Sofia leaves Harpo because he starts to beat her. In another sense, she leaves him because he has been influenced by his father to feel a need to physically dominate his wife, which is at odds with his natural inclination to be loving and submissive. Even though Harpo loves Sofia, he feels emasculated by her, and becomes consumed with the idea of making her "mind," like Celie "minds" Mister.
In fact, it is Celie herself who finally tells Harpo to beat Sofia. Celie's advice comes in a moment of spite: even though she is proud that Sofia is so much more independent than she is, she also resents it. Celie projects her own suffering at the hands of Mister onto Harpo and Sofia.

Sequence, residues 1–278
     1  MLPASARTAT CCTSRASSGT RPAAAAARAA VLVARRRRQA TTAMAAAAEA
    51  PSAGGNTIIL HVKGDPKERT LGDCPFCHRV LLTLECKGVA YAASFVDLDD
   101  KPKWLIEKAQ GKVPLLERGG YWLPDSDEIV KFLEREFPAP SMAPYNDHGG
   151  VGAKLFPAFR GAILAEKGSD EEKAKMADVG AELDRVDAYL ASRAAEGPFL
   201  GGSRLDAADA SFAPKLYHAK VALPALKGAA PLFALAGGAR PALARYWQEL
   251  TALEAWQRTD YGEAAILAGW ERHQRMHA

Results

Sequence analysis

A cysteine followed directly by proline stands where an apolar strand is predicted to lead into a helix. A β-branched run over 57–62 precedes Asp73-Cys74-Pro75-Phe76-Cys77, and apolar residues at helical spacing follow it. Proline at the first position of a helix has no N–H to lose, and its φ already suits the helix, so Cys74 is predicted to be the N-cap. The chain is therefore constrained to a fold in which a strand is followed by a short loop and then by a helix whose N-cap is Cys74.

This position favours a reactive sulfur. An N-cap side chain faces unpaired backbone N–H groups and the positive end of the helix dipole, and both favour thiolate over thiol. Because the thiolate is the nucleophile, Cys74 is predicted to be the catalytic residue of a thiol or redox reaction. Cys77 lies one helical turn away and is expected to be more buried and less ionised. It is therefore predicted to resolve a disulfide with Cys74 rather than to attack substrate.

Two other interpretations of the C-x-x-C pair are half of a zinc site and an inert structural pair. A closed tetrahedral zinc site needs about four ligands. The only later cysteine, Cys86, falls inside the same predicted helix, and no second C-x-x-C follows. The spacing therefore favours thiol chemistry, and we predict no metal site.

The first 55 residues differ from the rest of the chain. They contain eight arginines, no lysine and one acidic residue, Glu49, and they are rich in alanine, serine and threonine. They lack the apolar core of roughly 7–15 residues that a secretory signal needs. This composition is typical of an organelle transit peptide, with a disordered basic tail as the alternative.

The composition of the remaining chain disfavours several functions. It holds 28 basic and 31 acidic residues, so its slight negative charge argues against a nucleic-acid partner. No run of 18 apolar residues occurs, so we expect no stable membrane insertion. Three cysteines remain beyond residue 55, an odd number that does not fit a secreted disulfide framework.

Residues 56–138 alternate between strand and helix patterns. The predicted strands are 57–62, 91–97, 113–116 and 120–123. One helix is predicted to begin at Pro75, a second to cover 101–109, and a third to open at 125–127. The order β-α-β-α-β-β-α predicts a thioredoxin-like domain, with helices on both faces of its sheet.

This toxic masculinity is a recurring theme in the book. Sofia and Harpo get into tremendous fights over this, which Sofia usually wins because of her greater size and strength. This inversion of gender roles, in which the woman is physically superior to the man, is another reason for Harpo's dissatisfaction.
Ultimately, Sophia leaves because Harpo has lost her respect. Sophia never doubts her own rebellious nature, and for Harpo to fall under the influence of his father in this way is an unforgivable sign of weakness.